Apple has terminated the App Store account of game developer Epic, as the two companies continue their legal fight over the rules for apps on iOS and iPadOS – particularly the 30% cut that Apple takes of any payments.
You might have noticed – or maybe the kids in your house did – that Fornite has already been pulled from the App Store for violating policies around in-app payments, and now Epic Games has disappeared completely from the portal.
It means that other Epic titles such as Battle Breakers and Infinity Blade can no longer be redownloaded to your iPhone or iPad, though they will still continue to work if you've already got them installed.
The same applies to Fortnite: if you got the game installed before this argument began, it will continue to work. However, you won't be able to update the game as it stands, and that means no new in-game content.
The story so far
Epic Games says that Apple's 30% payment cut is unreasonable – and that Apple can only leverage it because it has a monopoly on iOS apps. The studio deliberately antagonized Apple earlier this month by introducing a direct payment option that bypassed Apple.
Apple for its part maintains that it deserves a cut of other app's revenues because of the services it provides in terms of app approvals and promotions. It makes the iPhone so it can set the rules is part of the Apple argument.
Now the two companies are engaged in a legal fight over the issue that isn't going to be resolved anytime soon. Apple says it will allow Epic Games titles in the App Store in the meantime, if they abide by the rules, but so far Epic isn't backing down.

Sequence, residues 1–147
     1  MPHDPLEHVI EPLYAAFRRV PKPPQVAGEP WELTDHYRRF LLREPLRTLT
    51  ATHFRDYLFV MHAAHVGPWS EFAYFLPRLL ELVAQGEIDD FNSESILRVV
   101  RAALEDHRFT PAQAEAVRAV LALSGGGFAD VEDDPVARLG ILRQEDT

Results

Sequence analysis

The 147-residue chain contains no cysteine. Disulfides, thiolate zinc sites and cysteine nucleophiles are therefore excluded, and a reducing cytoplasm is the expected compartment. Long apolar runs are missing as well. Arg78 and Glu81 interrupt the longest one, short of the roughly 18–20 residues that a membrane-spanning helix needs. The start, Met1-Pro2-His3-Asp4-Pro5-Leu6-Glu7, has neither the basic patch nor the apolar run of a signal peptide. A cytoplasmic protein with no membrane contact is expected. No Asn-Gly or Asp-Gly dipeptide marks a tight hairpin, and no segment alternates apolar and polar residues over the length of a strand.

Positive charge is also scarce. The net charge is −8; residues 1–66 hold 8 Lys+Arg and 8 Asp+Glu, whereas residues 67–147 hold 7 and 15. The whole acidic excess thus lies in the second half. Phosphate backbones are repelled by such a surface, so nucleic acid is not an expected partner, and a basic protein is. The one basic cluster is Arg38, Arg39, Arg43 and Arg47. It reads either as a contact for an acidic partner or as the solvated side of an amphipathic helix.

In a statement to MacRumors, Apple said it was "disappointed" to have to take the action – something it threatened to do a few days ago. This isn't just about Apple and Epic though, as the case has raised all kinds of questions about how both the Apple and Google app stores should be allowed to operate.
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Dave is a freelance tech journalist who has been writing about gadgets, apps and the web for more than two decades. Based out of Stockport, England, on TechRadar you'll find him covering news, features and reviews, particularly for phones, tablets and wearables. Working to ensure our breaking news coverage is the best in the business over weekends, David also has bylines at Gizmodo, T3, PopSci and a few other places besides, as well as being many years editing the likes of PC Explorer and The Hardware Handbook.